Bird Droppings

Cryptococcosis and histoplasmosis infections typically occur by inhaling pathogenic spores through the nose and mouth. Therefore, bird droppings are most dangerous when they are dry and subject to becoming airborne as a fine dust, particularly when disturbed by sweeping or scraping. Although germicides could be applied to accumulated droppings prior to cleanup, their effectiveness is not proven. Safe cleanup is based on protection from spore inhalation and minimization of spore dispersal. Assume that a health hazard is present whenever bird and bat droppings are disturbed and observe the following precautions:

Small amounts of fresh droppings may be cleaned up by scraping or hosing with water, however, care must be taken when cleaning large areas or waste that dried. The following provides guidance for worker protection from infective organisms that may be found in bird droppings.

a. Protection of workers from infective organisms

  1. Preliminary Consultation. Prior to disturbing accumulated droppings, inform the Director of Environmental Management of the proposed activity. He may feel it is necessary to consult with local health officials for advice on personal safety measures such as protective clothing and the proper selection, use, and fitting of respirators.
  2. Breathing Protection. When working with accumulated droppings, wear a NIOSH-approved respirator with high efficiency particulate air (HEPA) filters capable of excluding particles of 0.3 micron. Dust and particle masks will not provide adequate protection and are not approved for this use.
  3. Protective Clothing. Wear disposable coveralls, gloves, boots, and hats to protect personal clothing from contamination with infective organisms. Seal the glove/sleeve and boot/leg interfaces with duct tape before entering the worksite. Before leaving the work site, vacuum the protective coveralls, boots, and gloves using a HEPA vacuum, then walk to an excrement free area, remove the protective clothing, and place it in plastic bags prior to removing respiratory protection. Treat disposable clothing believed to be contaminated with disease agents as an infectious waste.
    1. Non-disposable work clothing and respirators should be removed, placed in a plastic bag, and sealed. These items must be disinfected in the bag before final cleaning and reuse. Workers must not wear their own personal street clothing under the disposable coveralls.
    2. If the disposable coveralls or other protective clothing are torn, the worker(s) must shower prior to putting on their street clothes. It is recommended that workers shower and thoroughly wash their hair at the end of their shift.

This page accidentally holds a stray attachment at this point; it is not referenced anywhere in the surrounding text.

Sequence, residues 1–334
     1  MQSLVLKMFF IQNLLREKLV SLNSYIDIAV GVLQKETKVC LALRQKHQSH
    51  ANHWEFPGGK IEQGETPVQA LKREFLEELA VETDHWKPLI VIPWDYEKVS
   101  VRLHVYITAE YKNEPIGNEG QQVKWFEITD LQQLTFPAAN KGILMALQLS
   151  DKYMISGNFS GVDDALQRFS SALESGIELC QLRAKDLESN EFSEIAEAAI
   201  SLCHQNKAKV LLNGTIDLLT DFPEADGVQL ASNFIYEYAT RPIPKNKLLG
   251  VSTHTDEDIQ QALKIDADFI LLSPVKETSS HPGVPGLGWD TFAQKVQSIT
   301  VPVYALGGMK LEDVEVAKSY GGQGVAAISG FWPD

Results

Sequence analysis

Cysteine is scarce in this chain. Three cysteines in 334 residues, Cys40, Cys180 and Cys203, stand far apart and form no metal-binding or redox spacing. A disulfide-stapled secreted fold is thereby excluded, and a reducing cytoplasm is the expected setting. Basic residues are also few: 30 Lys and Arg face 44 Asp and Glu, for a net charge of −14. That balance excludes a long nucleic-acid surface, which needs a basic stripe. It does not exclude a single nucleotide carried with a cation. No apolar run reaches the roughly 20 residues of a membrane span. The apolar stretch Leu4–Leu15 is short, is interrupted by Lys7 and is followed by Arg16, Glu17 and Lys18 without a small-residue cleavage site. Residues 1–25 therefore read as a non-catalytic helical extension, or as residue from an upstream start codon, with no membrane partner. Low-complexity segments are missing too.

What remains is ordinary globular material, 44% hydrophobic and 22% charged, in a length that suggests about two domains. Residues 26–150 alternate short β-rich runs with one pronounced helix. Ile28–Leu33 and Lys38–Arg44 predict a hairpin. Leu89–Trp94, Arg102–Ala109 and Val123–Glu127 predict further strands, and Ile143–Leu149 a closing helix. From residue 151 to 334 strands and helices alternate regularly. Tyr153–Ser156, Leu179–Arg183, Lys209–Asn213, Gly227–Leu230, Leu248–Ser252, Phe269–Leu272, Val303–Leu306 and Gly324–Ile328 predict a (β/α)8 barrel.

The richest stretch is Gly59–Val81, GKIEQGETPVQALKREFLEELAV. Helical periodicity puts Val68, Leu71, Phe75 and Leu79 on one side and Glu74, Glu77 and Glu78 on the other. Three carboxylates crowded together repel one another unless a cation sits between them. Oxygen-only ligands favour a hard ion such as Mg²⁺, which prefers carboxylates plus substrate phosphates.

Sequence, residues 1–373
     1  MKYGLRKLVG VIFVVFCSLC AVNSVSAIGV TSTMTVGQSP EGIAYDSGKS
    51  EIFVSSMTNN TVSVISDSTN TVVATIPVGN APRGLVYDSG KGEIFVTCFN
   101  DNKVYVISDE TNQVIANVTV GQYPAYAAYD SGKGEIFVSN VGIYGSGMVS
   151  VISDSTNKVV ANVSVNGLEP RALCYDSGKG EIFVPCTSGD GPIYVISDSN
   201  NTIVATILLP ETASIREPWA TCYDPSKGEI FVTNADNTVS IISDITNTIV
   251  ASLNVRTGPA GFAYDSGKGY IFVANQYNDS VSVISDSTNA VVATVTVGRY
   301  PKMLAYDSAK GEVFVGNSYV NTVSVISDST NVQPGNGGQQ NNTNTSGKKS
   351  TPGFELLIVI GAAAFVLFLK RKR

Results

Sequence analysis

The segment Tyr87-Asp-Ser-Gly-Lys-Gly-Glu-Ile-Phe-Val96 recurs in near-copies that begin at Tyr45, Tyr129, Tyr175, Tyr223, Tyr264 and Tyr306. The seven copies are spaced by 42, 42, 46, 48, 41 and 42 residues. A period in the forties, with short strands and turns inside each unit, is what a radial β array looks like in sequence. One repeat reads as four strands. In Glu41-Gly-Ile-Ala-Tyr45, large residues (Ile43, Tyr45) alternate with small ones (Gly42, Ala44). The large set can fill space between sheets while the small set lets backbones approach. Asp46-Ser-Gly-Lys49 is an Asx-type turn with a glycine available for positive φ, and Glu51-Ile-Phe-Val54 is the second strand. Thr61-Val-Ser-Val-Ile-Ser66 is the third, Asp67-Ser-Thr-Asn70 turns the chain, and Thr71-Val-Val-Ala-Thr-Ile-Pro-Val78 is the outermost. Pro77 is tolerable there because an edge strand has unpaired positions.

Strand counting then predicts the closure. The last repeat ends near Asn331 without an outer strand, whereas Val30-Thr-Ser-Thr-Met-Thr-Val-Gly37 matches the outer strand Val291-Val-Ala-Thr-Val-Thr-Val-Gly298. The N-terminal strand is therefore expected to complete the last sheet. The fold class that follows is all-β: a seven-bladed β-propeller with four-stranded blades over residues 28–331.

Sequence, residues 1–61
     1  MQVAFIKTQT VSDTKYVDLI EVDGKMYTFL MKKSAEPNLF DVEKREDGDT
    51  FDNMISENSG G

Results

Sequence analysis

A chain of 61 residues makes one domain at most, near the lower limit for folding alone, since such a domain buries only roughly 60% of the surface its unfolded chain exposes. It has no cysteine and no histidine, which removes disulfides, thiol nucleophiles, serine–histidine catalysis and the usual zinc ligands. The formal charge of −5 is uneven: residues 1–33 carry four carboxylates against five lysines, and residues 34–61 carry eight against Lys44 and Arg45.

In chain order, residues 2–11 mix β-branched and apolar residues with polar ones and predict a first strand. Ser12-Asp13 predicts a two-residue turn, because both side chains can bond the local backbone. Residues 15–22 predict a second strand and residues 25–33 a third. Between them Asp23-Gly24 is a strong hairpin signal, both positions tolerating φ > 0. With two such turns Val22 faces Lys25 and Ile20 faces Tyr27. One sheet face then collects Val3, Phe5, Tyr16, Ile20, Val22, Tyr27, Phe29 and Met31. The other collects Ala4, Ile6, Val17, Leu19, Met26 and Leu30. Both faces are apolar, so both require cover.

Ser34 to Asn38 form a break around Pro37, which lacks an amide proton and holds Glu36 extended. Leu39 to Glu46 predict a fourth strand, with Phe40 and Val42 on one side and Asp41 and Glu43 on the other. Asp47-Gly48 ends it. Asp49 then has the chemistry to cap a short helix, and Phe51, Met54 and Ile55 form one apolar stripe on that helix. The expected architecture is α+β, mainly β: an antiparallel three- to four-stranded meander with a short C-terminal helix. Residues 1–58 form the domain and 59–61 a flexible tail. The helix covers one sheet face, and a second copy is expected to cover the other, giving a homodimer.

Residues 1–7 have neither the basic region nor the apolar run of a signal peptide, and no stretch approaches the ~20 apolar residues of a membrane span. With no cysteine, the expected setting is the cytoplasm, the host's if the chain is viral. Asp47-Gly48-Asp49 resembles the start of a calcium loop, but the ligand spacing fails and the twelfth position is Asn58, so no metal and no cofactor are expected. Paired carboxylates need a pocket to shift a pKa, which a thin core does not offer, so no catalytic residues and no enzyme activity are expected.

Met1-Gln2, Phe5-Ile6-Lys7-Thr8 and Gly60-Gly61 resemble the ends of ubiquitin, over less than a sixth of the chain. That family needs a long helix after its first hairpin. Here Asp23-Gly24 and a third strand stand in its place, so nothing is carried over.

b. Waste removal procedures

  1. Application of Water. Although droppings are usually easier to clean up when they are dry and crusted, saturating them with water prior to removal is recommended to prevent the debris and any pathogens from becoming airborne. This should be done with a low-velocity mist spray. Using high pressure and/or a concentrated stream, such as from a hose nozzle, may scatter the droppings before they can be adequately wetted. However, hosing may be used for removing small amounts of recently deposited droppings from sidewalks and pavement. A portable, hand pressurized sprayer is satisfactory for applying limited amounts of water.
  2. Nonmetallic Tools. Only nonmetallic tools (such as plastic spatulas and brushes with natural fiber or nylon bristles) should be used on historic or sensitive structures to remove droppings. Do not use tools that can easily damage building surfaces, such as coarse wire brushes.

c. Public protection

Do not perform bird excrement removal in public areas without proper precautions. If possible, schedule the removal for weekends or other periods of minimum building or area use. Protect interior air by closing all heating and cooling system air intakes during the cleanup (shut down the entire system if possible). Unless droppings are inside the building itself, perform all work from the outside of the building. Provide barricades and signage to keep the public clear of the work site during all operations.

d. Disposal

Double bag the droppings and any associated soil in 3 mil or thicker plastic bags, close the bags securely, and place them in a cardboard container. Contact the Director of Environmental Management prior to placing them in a trash dumpster. If the droppings have been proven to contain Cryptococcus neoformans and/or Histoplasma capsulatum they will be incinerated through the bio-hazardous waste disposal company. Do not place the bags in a dumpster without first placing them in a cardboard box and do not leave them at a collection point for later pickup as they could be torn during handling and release their potentially infectious contents.